Josh Davis
Josh Davis
Mar. 2, 2016

Back to the Basics: vCIO to the Rescue!

aaron swann

Aaron Swann has been a member of InfoSystems’ team of experts for 22 years and has worn a variety of hats during his career—engineer, technician, business management, to name a few. He has had a variety of experiences over the course of his career. In this blog, he will discuss some of the common issues customers seem to face that lead them to need a virtual CIO (or "vCIO") like that offered by InfoSystems.

DIY: A Technology No-No

The top issues my customers face stem from lack of an IT department and individuals who have no IT training.  These companies are led by MBA’s, Architects, and Doctors—very intelligent people who are well trained—just lacking formal training in IT.  They are fantastic at their job(s) and their business, but they are trying to do IT in their spare time. When they call me, they are tired and frustrated; maybe something has gone wrong or they finally got sick of spending so much time doing something they didn’t go to school for.

“Too Many Cooks in the Kitchen” Syndrome

A lot of times, new customers have had several people on-site with their hands in the “IT” bucket—other IT vendors, a friend of the owner, someone’s son or cousin.  All these people have been brought in with an idea of how to fix a specific issue, yet no one has been properly tasked with looking at the big picture.  No one is trying to craft a solution that addresses the businesses needs at a high level.

I’ve found that most problems come from either a poor design or an overall lack of design. Sometimes, I’ll see a variety of disparate products that fix one “broken” thing. Other times, I’ll see home solutions plucked right off the Best Buy shelf being repurposed to try to meet business needs.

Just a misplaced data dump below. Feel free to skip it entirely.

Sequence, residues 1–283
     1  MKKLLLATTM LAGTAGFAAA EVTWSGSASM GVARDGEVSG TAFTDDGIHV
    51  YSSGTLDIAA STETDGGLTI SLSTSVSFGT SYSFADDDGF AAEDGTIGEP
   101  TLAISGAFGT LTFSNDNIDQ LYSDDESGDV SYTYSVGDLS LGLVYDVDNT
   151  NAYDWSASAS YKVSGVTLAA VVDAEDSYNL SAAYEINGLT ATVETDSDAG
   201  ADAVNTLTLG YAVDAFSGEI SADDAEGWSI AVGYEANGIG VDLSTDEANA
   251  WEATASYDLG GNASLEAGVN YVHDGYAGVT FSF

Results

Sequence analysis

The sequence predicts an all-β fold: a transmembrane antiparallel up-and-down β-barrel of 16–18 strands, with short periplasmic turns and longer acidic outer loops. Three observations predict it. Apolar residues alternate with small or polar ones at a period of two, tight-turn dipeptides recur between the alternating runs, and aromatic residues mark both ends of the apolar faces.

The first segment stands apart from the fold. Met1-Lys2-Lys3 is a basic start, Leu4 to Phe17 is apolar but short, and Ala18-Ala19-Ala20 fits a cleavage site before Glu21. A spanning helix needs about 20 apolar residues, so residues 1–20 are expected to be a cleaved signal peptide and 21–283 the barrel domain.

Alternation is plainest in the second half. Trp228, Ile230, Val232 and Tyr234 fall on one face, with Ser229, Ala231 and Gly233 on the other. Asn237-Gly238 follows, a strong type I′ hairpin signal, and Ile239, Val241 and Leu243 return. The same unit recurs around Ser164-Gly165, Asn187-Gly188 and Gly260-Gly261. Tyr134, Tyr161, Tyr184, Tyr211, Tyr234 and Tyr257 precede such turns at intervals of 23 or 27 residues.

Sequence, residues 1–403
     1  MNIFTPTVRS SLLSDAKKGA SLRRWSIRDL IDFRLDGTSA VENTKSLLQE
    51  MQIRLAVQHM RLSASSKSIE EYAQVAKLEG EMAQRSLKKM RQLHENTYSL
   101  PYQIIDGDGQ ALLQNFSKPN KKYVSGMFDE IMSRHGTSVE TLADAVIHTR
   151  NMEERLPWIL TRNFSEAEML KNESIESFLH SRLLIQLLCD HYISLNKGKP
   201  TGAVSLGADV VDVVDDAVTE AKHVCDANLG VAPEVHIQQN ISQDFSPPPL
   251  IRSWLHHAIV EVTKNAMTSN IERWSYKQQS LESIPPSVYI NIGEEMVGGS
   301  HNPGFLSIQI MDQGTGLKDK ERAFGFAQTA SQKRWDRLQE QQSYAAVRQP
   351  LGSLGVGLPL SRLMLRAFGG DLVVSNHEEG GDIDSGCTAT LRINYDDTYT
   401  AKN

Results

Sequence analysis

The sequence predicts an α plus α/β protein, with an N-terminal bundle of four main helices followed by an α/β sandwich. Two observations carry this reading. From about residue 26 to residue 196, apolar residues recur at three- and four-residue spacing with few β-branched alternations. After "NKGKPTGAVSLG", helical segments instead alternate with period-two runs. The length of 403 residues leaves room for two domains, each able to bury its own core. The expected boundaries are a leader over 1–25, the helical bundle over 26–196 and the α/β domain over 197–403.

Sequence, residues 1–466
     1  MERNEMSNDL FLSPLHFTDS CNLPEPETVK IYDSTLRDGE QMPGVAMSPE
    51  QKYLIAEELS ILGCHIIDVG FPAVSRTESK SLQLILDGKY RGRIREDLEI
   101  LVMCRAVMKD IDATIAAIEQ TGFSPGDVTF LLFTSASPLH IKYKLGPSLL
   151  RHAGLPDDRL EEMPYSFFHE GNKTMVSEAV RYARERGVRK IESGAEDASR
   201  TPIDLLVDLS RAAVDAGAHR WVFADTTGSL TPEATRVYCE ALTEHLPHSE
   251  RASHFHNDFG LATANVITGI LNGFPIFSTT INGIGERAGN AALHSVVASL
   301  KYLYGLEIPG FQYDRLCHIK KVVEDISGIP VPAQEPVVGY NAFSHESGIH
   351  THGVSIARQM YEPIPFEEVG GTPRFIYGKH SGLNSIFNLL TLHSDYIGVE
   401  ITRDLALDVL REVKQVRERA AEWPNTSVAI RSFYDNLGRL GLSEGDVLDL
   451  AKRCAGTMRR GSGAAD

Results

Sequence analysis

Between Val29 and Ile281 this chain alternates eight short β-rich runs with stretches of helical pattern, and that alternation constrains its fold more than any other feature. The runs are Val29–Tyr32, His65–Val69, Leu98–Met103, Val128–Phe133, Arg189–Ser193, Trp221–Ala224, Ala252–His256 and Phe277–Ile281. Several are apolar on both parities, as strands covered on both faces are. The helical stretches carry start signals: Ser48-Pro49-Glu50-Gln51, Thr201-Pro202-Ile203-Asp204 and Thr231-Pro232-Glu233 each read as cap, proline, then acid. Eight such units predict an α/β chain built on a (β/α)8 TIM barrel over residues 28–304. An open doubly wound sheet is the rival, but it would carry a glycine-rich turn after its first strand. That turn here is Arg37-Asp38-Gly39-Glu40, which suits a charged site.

Competence in Technology is Not Always Enough

Some companies have the IT experience, but their IT department has no business training.  Their techs read the trade magazines, have been to school, possess all the proper training and certifications, but they don’t know how to translate those skills into solving business problems.  What happens when IT guys can’t fix the problem that their CEO or CFO wants fixed? That’s where a vCIO can help. I can broker a design out of both parties’ needs and concerns.

A good example is backup/disaster recovery.  Management will say “I want to be able to recover from a disaster.”  They hand IT the budget and expect you to get proper backup, no questions asked. When I get there, I see a USB hard drive attached to a server. It might back their data up monthly or even weekly, but the USB drive never goes offsite, creating an obvious disconnect. Management provided direction. IT did as they were asked. The problem still isn’t solved.

phone emitting zeros and ones

One approach I use is Recovery Point Objectives (RPO) and Recovery Time Objectives (RTO). This starts with visiting with the owners and executives. RPO’s and RTO’s are tied to investment. The business impact of the anticipated outage and the risk should help us understand the necessary investment required to bring the RPO/RTO down to acceptable levels.  If a business requires no loss of data and requires zero time to get systems back up following a disaster, with my help, leadership can understand the investment required to make that happen.


So, don’t try to be a one-man show when it comes to your business’s IT health. Don’t let a sales guy, your friend from high school, and your brother-in-law pull your IT budget in all different directions without looking at the big picture. And certainly don’t hesitate to get an assessment from a professional.

These are merely examples of what I’ve seen as a vCIO. These might not be your stories. In fact, these might not even come close to anything you’ve ever seen or heard.  But there’s a lot more to vCIO than what many might think. Give us a call if you’re interested in understanding our vCIO offering in greater depth. Or stay tuned for my next blog!